Just hours before Benevento’s return to Serie A was confirmed, it was reported that 33-year-old Loïc Rémy - a former France international and Chelsea striker - was close to signing for the club.
It was a move that came as a surprise, but only to a degree. Gli Stregoni have been linked with other ageing, past-their-prime strikers in recent weeks, with Daniel Sturridge, Mauro Zárate and Fernando Llorente all reportedly interesting the club. Indeed, sporting director Pasquale Foggia claimed that he had made an official approach to Napoli for the signing of Llorente last week.
While Rémy arrives as a free agent, there are question marks over whether the move is sensible. A player of Rémy’s note and experience will probably command a high wage, one which a club the size of Benevento surely can’t afford, especially if they are relegated next season.
Additionally, Rémy is approaching his mid-thirties and hasn’t scored over 10 goals in a league season since his loan spell at Newcastle in 2013-14, so whether he’ll be capable of being a consistent scorer for Benevento next season can also be called into question.
Remy’s acquisition seems to be reflective of the Stregoni’s overall transfer strategy as they prepare for life back in the top-flight. They are currently in advanced negotiations with former Torino defender Kamil Glik, who has spent the last four seasons at Monaco. There is no doubting the 32-year-old’s Serie A experience and quality, but, once again, you have to question whether this is building for the future or scrapping the team that got them promoted in favour of expensive older names.
It’s a risky strategy and one can may backfire if Benevento go down next season, as they could be left with a significant wage bill which a Serie B club could simply not afford. Pippo Inzaghi’s team are breaking Serie B records, promoted with a 24-point lead, losing one out of 31 games, conceding just 15 goals. Why tear all that down to start again with veterans who aren’t hungry for success?
Oreste Vigorito’s ambition is clearly to establish Benevento as a Serie A side, but he seems to be focusing on short-term acquisitions - in the hope that experience can keep Gli Stregoni up - rather than building for the future. The recent successes of Parma and Hellas Verona in the first seasons back in the top-flight prove that you don’t need an abundance of experience - or necessarily break the bank - to do well in Serie A.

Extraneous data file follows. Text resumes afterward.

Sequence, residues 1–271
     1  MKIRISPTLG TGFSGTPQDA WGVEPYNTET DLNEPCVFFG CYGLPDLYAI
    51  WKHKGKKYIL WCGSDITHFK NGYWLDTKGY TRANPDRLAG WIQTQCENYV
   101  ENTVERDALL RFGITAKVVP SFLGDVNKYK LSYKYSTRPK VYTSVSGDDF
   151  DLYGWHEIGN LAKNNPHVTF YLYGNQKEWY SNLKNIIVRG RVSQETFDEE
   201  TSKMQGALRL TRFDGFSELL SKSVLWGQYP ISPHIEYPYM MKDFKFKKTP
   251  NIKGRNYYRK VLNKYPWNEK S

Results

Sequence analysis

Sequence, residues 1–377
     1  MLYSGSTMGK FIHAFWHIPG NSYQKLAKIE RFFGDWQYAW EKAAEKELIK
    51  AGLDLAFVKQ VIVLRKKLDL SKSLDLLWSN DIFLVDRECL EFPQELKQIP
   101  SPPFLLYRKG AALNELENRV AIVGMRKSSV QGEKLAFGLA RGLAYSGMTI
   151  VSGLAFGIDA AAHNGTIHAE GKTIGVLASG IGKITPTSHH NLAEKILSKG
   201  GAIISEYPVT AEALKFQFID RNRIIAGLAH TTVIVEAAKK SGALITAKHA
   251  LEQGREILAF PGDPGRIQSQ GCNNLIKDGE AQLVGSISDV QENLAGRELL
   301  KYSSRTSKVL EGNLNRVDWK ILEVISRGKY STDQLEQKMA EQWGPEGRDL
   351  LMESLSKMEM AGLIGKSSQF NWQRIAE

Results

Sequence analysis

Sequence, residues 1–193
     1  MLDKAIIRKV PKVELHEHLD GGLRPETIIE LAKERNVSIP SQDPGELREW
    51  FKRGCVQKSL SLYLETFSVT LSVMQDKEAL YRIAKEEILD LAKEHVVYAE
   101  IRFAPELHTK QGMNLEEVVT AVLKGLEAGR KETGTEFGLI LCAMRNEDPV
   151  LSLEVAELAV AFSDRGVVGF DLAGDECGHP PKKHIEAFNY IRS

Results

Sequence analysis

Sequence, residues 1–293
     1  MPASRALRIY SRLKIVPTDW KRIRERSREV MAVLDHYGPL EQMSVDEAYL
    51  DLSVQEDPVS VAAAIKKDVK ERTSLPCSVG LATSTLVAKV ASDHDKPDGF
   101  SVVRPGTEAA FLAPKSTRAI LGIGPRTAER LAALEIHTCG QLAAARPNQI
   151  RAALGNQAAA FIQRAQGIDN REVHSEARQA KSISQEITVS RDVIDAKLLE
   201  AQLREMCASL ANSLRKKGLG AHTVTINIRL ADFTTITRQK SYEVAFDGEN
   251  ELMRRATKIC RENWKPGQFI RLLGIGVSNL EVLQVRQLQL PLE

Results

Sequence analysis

In the case of Parma, they added experience in the form of Bruno Alves and Gervinho, but focused on inexpensive transfers and loan deals. They acquired proven, in-their-prime players such as Luigi Sepe and Roberto Inglese on loan with the option to buy, meaning that if I Crociati were relegated, they wouldn’t be obligated to buy the player.
After comfortably avoiding relegation in their first season back, Parma have continued to make smart, cheap signings - such as Andreas Cornelius and Dejan Kulusevski on loan and adding more Serie A experience in the form of Matteo Darmian, Gianluca Caprari and Jasmin Kurtic. Their strategy has paid dividends so far, with the Emilians currently competing for a Europa League place.
Hellas Verona also find themselves in the running for Europe in what is their first season back in the top-flight. They had a similar transfer strategy to Parma, signing experienced Serie A players such as Darko Lazovic and Miguel Veloso, while taking on loan (with the option to buy) Valerio Verre, Koray Gunter, Sofyan Amrabat and Matteo Pessina.
Their most astute signing, however, was Amir Rrahmani. He was brought in for around €2m from Dinamo Zagreb and quickly established himself as a key player for Verona. Six months after joining, he was sold to Napoli for €14m, meaning Hellas made an incredible profit on the Kosovan.
This is another way of smartly conducting transfer business: looking for undervalued players in lesser-known leagues. Atalanta are very good at this. They signed the likes of Robin Gosens, Jose Luis Palomino, Remo Freuler and Hans Hateboer from lower-reputation leagues for minimal fees, playing an important part in La Dea’s ascendance from mid-table nobodies to Champions League quarter-finalists.
In short, Benevento should adjust their transfer strategy. Instead of signing big-name players on high wages - ones which could backfire horribly if they get relegated back to Serie B - they should focus on loan deals (dry or with the option to buy), cheap players in foreign leagues and the occasional addition of Serie A experience - so that they can start to build for the future.